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Case study NGK/Småkraft, hydropower

In 2014, Aquila Capital acquired 100% of Norway's second largest small-scale hydropower company, Norsk Grønnkraft AS (NGK). In the following year Aquila Capital also acquired 100 % of Norway's largest small-scale hydropower company Småkraft AS (SK). With these two investments, comprising now 100 small-scale hydropower plants with an annual electricity production of approximately 1 TWh, Aquila Capital became the largest small-scale hydropower operator in Europe.

 

The merger
The merger

Aquila Capital pursues an active management approach in its hydropower investments. In order to optimally position the companies for further growth, NGK and SK have been merged into one company. The merger was completed at the end of 2017.

The merger brings a host of benefits

  • The merger reduced redundancies and thus significantly reduced operating costs.

  • By bundling the two hydropower plant portfolios, this portfolio is even more diversified. Both existing and future investments are made in areas with different hydrological and topographical profiles and spread over different price regions.

  • Especially the reduction of the financing costs is remarkable and shows a further advantage of the future larger society: The bargaining position opposite banks, insurances and service providers is strengthened.

The merger
Further growth
Further growth

Aquila Capital has set itself the goal to double electricity generation from its hydropower portfolio in Norway by 1 TWh p.a. to 2 TWh p.a.. Aquila Capital has exclusive access to a pipeline of projects with a projected annual production of approximately 650 MWh to be completed by 2022 with the remaining 350 GWh from esternal market acquitisions.

There are many indications that the region will continue to be very attractive for hydropower investments.

  • Modernization and expansion of electricity grids: In order for energy suppliers to meet the capital requirements for investments in electricity grids, sales of generating units are being considered.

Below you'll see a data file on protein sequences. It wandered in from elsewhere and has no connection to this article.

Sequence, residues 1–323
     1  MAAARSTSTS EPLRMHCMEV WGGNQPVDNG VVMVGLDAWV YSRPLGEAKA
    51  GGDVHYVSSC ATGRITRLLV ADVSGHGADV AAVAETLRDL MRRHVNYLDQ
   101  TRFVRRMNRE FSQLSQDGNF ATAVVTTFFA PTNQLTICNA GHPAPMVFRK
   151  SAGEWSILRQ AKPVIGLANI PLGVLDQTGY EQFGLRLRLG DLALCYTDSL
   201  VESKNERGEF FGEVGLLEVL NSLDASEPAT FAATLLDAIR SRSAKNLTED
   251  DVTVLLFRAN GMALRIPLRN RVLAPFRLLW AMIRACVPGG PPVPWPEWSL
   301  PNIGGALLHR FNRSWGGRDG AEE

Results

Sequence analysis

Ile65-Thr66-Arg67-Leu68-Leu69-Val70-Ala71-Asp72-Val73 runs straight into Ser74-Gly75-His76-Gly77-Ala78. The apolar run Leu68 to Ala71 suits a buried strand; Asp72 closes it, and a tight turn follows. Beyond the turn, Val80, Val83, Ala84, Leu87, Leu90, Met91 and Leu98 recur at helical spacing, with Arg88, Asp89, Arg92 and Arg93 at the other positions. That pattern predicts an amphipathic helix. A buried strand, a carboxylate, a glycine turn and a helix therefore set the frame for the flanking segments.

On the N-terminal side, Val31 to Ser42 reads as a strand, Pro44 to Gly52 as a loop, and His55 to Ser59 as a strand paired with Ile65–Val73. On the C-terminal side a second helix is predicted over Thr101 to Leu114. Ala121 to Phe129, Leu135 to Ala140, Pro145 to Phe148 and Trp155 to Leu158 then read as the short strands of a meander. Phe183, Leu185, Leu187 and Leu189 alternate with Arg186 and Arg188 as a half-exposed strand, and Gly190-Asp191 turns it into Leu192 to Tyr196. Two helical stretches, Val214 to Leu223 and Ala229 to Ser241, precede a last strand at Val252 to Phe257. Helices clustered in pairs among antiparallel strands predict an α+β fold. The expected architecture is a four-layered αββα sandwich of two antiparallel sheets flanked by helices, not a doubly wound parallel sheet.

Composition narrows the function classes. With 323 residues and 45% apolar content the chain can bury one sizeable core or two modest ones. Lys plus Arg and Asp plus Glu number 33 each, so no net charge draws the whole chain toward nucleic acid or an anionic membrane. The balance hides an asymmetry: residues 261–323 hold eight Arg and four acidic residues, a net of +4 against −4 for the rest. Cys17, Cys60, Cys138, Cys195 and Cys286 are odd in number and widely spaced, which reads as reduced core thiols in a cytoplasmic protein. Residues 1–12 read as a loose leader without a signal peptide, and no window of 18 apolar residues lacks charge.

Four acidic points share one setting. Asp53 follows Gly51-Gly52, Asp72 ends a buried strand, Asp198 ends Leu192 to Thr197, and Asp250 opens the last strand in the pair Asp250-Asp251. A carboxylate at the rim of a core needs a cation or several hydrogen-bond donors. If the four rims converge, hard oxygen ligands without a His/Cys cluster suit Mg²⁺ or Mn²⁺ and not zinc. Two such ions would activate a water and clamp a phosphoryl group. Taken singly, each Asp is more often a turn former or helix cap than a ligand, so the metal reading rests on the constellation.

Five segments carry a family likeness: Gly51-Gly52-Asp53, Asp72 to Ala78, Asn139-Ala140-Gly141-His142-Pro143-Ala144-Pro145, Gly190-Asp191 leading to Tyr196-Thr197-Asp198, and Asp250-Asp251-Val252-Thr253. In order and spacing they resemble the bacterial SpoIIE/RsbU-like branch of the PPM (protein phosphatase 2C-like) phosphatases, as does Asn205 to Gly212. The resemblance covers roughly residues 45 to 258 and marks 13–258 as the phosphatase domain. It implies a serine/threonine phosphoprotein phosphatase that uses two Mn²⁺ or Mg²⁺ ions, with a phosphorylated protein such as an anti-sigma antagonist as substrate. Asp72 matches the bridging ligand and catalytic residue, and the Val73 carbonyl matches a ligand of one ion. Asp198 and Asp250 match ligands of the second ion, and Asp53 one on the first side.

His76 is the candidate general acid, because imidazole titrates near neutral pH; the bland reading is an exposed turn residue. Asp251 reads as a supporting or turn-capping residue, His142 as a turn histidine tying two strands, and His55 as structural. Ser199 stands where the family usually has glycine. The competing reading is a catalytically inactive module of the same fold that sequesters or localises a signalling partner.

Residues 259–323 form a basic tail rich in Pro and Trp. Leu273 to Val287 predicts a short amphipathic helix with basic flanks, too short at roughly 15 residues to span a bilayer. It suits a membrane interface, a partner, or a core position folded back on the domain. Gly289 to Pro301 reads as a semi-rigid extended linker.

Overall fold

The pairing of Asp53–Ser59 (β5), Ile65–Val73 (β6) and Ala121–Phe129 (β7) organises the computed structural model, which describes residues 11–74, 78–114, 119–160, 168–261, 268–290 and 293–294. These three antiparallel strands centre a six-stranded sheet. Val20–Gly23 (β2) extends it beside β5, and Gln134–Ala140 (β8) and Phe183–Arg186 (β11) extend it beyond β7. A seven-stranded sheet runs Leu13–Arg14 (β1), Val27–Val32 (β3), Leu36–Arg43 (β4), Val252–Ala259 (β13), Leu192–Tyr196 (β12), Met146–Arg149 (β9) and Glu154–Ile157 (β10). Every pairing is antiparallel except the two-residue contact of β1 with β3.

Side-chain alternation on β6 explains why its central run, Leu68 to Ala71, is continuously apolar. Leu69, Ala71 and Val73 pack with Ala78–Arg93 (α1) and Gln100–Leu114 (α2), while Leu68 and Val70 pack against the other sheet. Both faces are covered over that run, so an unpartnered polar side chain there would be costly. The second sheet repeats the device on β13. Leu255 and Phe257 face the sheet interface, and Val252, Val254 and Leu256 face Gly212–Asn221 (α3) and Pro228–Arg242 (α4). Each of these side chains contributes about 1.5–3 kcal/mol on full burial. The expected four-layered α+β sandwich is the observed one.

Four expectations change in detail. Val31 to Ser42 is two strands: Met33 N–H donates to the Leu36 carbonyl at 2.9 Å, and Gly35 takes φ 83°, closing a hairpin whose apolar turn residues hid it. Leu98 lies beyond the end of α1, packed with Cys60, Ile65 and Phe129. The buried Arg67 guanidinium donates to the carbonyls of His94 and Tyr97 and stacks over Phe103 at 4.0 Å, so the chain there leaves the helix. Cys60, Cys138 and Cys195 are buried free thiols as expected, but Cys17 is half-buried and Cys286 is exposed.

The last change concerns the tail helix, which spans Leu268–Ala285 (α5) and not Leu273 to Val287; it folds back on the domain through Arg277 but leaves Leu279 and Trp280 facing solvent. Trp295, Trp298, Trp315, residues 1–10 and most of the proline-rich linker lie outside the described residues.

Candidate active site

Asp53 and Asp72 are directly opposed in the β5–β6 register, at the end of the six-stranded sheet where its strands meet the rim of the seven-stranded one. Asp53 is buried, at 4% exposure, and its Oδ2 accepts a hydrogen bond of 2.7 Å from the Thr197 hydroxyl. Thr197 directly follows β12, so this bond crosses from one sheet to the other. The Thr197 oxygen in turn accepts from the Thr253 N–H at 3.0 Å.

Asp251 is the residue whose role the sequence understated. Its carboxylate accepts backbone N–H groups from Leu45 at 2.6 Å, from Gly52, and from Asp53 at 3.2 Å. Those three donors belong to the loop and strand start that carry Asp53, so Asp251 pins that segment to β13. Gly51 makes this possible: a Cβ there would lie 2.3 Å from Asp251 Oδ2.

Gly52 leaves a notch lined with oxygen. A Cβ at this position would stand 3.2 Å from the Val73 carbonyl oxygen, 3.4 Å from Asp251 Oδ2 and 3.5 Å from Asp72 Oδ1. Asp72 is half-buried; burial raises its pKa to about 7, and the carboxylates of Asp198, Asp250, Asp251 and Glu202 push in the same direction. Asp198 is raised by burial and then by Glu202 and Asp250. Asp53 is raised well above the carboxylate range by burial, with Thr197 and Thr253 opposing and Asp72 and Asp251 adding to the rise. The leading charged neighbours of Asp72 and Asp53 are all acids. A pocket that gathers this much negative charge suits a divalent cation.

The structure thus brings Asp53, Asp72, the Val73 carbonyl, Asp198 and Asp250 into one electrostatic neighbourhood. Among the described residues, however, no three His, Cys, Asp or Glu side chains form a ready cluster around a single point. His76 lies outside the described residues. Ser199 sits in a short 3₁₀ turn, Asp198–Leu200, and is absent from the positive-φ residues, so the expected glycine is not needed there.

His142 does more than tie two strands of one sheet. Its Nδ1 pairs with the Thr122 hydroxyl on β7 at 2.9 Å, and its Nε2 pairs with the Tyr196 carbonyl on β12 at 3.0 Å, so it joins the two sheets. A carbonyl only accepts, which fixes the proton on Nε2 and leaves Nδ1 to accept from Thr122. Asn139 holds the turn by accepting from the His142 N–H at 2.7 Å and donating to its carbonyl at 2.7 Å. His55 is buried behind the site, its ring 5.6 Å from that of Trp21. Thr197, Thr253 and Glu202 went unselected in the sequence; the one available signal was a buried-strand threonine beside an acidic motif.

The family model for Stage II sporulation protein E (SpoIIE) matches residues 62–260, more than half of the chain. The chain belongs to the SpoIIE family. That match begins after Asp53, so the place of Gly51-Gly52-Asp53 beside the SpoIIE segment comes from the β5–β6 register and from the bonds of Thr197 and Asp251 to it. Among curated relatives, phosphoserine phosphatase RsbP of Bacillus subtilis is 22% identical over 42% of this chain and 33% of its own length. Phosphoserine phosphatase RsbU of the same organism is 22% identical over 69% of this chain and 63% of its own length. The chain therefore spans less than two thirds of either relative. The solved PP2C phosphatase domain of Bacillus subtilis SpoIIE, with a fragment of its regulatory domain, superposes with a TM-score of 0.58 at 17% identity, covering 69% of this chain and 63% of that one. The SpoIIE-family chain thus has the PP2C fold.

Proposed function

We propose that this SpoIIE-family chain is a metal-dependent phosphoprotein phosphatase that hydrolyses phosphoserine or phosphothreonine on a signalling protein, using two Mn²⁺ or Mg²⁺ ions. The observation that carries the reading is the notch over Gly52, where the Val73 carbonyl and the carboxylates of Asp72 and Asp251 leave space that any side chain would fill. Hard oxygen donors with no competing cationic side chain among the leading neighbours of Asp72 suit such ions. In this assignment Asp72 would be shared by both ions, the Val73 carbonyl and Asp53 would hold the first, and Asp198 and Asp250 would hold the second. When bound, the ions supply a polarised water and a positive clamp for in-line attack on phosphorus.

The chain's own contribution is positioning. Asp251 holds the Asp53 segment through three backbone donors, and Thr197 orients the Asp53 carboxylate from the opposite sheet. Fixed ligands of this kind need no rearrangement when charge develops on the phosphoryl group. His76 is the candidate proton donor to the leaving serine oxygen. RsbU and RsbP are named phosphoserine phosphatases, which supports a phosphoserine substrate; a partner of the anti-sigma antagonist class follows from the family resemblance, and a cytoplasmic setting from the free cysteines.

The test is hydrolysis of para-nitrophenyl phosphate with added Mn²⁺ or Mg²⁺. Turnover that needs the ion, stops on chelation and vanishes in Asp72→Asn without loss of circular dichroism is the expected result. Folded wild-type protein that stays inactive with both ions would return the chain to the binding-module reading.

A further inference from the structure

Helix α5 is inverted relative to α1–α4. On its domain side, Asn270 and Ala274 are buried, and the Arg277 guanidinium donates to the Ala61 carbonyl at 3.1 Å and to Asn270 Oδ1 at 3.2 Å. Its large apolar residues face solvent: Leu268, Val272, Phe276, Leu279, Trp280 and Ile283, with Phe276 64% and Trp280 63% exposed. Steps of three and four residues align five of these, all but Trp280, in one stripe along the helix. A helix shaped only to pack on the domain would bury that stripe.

• Decommissioning of Swedish nuclear power plants: The de-commissioning of nuclear power plants leads to a high cost burden for some of the major energy suppliers. Furthermore, this will reduce the supply of electricity, which will further increase the demand for renewable energies.
  • Interconnector construction: Several new interconnectors are leading to supply stability and increased demand, especially in the southern regions of Norway. With the expansion of interconnectors, analysts expect the trading capacity for the northern region to double by 2030. Electricity prices in continental Europe tend to be higher than those of Norway, so electricity can be exported more expensively.
  • Increasing electromobility and the expansion of data centers as digitalisation progresses will all cause the demand for electricity to rise. Norway has with its National Transport Plan the goal to increase the market share of electric cars to almost 100% by 2025.
  • Use of hydrogen in blast furnaces: In order to reduce CO2 emissions, blast furnaces will increasingly use hydrogen instead of coal. Electricity is needed for this process. Preliminary estimates by Vattenfall show that, in order to convert to hydrogen, the additional demand for renewable electricity in Scandinavia could reach up to 20 TWh per year.
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